1 SMALL YET HARD STEP YOU NEED TO TAKE FOR YOURSELF TODAY
You’re likely familiar with what’s known as the Serenity Prayer. It goes like this:
God, grant me the serenity to accept the things I cannot change, the courage to change the things I can, and the wisdom to know the difference.
There’s an important lesson here—one that’s very often glossed over…
When a chaotic reality is swirling around us, we often try to relieve our anxiety by exerting our will over external things we cannot control.
It helps us stave off one of the most dreaded feelings: complete powerlessness.
With that in mind, I have good news and bad news.
The bad news is that generally speaking, almost everything is outside your control. What other people do, whether it will rain tomorrow, whether or not your efforts will be appreciated—all of these outcomes depend on factors that aren’t you.
That’s also the good news.
The friction and frustration created by trying to change things you cannot change is the crucible where a ton of unhappiness is born. Accepting that most things are outside your influence gives you explicit permission to let them unfold as they may.
Stoic philosopher Epictetus put it this way:
“Some things are in our control and others not. Things in our control are opinion, pursuit, desire, aversion, and, in a word, whatever are our own actions. Things not in our control are body, property, reputation, command, and, in one word, whatever are not our actions.”
Overcoming the “three big un’s” that so many of us struggle with daily—unhappiness, unconvinced things will ever change, unsure what to do next—begins with understanding what you can control and what you cannot.
The mental shift here is not easy. Most of us have spent a lifetime worrying about things that we can’t control. Society practically encourages this. For most, it’s a bona fide habit…
A habit that should be replaced with a healthy understanding of how much we can actually change. Again though, it’s hard to get your mind wrapped around all this when you’re constantly hearing…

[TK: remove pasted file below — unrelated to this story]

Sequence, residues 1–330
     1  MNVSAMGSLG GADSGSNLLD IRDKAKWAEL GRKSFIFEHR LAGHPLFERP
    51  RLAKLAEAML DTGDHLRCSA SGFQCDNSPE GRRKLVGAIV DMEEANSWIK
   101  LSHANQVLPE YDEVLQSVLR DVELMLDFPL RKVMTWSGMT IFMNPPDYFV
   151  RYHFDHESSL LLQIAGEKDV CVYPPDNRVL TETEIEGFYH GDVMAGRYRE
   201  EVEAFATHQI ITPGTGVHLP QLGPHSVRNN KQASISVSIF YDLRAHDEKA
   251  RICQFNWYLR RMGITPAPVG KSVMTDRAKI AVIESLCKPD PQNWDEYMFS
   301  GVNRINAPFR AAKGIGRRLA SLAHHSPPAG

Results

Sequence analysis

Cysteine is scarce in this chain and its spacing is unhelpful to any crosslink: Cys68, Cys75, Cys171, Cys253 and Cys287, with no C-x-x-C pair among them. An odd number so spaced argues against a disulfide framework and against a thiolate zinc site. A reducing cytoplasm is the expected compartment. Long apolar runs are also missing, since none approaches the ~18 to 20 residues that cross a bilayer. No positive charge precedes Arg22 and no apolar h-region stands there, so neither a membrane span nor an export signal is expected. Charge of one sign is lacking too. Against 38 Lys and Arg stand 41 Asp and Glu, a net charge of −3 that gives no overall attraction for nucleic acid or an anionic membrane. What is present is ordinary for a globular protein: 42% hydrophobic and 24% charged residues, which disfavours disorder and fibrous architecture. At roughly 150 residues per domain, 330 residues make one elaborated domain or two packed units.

“Why don’t you just get over it?” “Just let it go.”
We’ve all heard some flavor of this advice before. And it passes the sniff test, to a certain extent.
I mean, “time heals all wounds,” right? Well, yes… sort of. But wounds heal differently depending on how they’re treated.
Left alone, a gash in your skin will leave a large scar and be vulnerable to injury again in the future. This is why we get stitches—it helps the wound heal in a way that limits the chance of re-injury down the road.
Emotional wounds work the same way. Given enough time, most emotional pain will diminish—that’s true.
But just “getting over it” leaves scars.
In the emotional sense, scars equal baggage—baggage we carry with us into every aspect of our lives. These scars grow and accumulate until one day you wake up suffering from one or more of the “three un’s” (unhappiness, unconvinced things will ever change, unsure what to do next).
Don’t get over it. Go through it.
Honestly, I understand the desire to “get over” difficult experiences rather than face them. Revisiting painful memories and facing our demons is really, really hard. And we’re hard-wired to not cause ourselves pain.
However, as our parents taught us, ignoring a problem doesn’t make it go away.
And in addition to the scars, to ignore or downplay a wound puts you at risk of infection, emotionally as well as physically.
Unresolved issues from the past take up residence in your mind and influence your decisions, your relationships, and your attitudes.
They rob you of your happiness. Doing the hard thing now will be hard, yes. But it’s far better than the alternative.
Of course, doing the hard yet necessary thing can feel impossible.
This is how Marc and I felt a decade ago when we were knocked down and stuck in a rut after simultaneously losing two loved ones—including my dear brother—to suicide and illness. It was nearly impossible to move when we didn’t feel we had the strength to push forward.